The men are locked in to their archetypes when a fire breaks out on the sub. Hunter deals with the danger to the crew and Ramsey calls for a drill immediately after the fire to test the crew’s ability to deal with a crisis. In the ensuing “discussion”, Ramsey makes it clear he will not brook any second-guessing from Hunter. While this personality clash is taking place, the world is careening towards nuclear war. Radchenko is threatening to use his nukes. When he begins to fuel them up, the Alabama receives orders to launch its missiles. Before this can be done they are attacked by a rogue Russian sub and they receive a follow up message that is interrupted by failure of their radio communications. Hunter insists the message may be a cancel order and refuses to concur with Ramsey’s decision to launch anyhow. The missiles cannot be launched unless both men agree. They don’t and hence the suspense. Keep in mind there is still an enemy sub lurking around. Queue the clichés of a threatening leak and a trip to “crush depth”. Throw in a mutiny that devolves into shirts versus skins with weapons in a metal tube underwater with a possible nuclear war starting above.
“Crimson Tide” is cracking entertainment, but not so great for recruiting. It’s easy to see why the Navy preferred “Top Gun”, but not so easy to understand why the public preferred it. This movie is much better than “Top Gun”. The acting is top notch from a great cast. Hackman is too old for a sub captain, but age has never been a factor in casting for war movies. John Wayne in the “Green Berets”, Robert Mitchum in “The Winds of War”, and the list is endless. He is perfectly cast as the Queegish captain, but he has not lost his marbles. In fact, one of the strengths of the screenplay is that Ramsey may be right about the launch. Washington is also well cast, but his Hunter is clearly meant to be in the right. Another example of Hollywood being liberal, some would say. It is fun to watch the two great actors as adversaries and in tight spaces at that. They are given high-level dialogue to chew on. Some of the pop culture references in the script were written in by an uncredited Quentin Tarantino. This is the only submarine film with a discussion on Lippizaner stallions.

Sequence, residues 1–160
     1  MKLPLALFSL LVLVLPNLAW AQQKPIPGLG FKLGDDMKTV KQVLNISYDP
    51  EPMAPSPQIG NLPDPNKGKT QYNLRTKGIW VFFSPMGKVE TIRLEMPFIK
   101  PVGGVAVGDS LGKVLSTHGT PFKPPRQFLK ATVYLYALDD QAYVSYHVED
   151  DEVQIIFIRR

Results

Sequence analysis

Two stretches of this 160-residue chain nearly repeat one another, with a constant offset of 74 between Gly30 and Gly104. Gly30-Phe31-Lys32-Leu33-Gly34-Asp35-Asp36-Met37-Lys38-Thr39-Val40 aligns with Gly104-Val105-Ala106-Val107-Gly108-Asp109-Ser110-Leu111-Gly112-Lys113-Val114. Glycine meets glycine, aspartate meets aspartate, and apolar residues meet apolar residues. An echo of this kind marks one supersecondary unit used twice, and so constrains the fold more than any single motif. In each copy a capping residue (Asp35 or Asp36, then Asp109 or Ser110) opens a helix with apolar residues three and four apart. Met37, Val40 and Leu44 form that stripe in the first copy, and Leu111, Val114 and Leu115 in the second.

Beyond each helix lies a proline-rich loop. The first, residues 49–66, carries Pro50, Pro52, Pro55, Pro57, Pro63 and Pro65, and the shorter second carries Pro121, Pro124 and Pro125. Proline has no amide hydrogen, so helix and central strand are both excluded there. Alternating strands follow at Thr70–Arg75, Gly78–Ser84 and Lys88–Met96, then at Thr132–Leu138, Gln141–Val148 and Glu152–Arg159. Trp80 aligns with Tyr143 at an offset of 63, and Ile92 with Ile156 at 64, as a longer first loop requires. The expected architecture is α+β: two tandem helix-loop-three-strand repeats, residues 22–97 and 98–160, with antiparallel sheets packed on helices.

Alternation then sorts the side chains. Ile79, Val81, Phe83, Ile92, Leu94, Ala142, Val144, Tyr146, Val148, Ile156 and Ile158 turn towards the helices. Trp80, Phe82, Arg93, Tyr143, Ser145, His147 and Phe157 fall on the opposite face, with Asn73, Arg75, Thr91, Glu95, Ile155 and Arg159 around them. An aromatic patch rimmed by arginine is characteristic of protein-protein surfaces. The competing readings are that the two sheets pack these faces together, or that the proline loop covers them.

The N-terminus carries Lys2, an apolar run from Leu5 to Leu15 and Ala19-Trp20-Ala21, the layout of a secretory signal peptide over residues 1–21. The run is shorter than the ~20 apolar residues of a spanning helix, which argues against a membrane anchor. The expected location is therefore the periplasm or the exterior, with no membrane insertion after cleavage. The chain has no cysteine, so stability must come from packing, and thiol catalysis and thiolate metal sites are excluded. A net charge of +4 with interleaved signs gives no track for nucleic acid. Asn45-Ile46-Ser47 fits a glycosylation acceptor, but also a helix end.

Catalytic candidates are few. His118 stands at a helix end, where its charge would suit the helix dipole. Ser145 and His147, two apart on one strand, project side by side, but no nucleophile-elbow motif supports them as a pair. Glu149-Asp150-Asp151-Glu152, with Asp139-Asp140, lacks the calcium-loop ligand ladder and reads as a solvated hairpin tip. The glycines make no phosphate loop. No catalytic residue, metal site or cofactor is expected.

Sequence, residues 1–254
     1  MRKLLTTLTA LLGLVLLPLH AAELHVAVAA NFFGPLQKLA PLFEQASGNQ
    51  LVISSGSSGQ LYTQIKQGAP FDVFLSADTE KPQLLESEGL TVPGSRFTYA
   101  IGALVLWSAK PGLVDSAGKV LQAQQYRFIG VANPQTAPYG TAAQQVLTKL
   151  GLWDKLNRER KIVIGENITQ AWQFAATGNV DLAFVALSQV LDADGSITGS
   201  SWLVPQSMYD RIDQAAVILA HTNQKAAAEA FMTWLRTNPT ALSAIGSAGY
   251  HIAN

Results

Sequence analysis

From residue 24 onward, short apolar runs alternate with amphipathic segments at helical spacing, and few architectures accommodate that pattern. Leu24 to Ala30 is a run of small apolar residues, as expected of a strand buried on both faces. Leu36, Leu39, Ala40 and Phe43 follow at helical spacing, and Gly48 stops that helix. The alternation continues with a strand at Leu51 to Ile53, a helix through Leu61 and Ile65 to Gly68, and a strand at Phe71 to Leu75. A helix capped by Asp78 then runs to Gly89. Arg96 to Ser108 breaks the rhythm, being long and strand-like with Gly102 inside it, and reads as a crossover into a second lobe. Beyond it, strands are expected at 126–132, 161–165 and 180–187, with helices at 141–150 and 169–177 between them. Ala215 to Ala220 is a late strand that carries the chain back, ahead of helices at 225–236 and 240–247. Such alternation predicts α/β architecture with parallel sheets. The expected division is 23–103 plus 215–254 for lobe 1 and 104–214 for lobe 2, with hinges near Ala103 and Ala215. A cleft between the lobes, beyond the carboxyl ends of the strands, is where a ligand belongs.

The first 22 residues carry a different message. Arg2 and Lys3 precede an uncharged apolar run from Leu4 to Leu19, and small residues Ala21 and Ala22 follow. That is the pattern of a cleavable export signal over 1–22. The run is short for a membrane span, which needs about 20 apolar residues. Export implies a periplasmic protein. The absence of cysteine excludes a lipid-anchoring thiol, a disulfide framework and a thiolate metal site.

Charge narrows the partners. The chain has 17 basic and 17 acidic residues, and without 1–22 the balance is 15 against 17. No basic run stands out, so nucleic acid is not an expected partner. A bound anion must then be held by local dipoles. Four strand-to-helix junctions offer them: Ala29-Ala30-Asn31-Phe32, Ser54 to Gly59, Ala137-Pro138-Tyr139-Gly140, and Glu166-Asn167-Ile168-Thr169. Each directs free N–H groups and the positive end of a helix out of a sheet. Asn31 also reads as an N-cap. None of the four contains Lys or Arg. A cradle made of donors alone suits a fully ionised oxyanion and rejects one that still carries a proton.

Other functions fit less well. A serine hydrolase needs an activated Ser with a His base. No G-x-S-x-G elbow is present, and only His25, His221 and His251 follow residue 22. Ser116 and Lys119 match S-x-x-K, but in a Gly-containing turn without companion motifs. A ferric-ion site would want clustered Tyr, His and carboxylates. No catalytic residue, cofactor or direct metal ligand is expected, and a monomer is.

The plot does not really reinvent the sub subgenre. It has several dusty tropes that might have seemed new to a 1995 audience. Once the enemy sub arrives, the action gets increasingly preposterous as each crisis tops the last. Hell, there are two takeovers of the boat! Some of the crew actions make little sense, but it’s all for the greater goal of entertaining the masses. This also can be said of the plot devices that defy U.S. submarine logic. For instance, when a boomer would receive launch orders, the exec would have to confirm the order, but would not have to concur with the captain’s decision. No conflict, no movie – so let’s not quibble about that. If the movie had stuck to Navy protocol, Hunter would have been shot and the crew would have unanimously backed the captain. Every captain Schiffer interviewed claimed he would have launched. That is scary since the second, incomplete message would likely be a change in orders! Speaking of which, Russian nukes don’t have to fuel up to be ready to launch so no clock-ticking. And torpedoes don’t need a thousand yards to arm. And subs have a back-up radio, of course. And anyone who has watched a submarine movie knows they can go well below crush depth. None of those turned me off.
The movie may not be factually sound, but it is technically sound. It was nominated for three technical Oscars. The interior and underwater effects are excellent. The interior is authentic and the use of a gimbal gives a feel for being on a sub. The torpedo scenes are among the best. Hans Zimmer’s score enhances the action and he won a Grammy. That is unusual for a score that was not even nominated for an Oscar.
“Crimson Tide” is among the better submarine movies. It takes the tired captain versus exec cliché, but is thought-provoking because if you think about it (and I’m not sure we are supposed to), both men could be right and both could be wrong. When you watch it, cut Ramsey some slack.
GRADE = B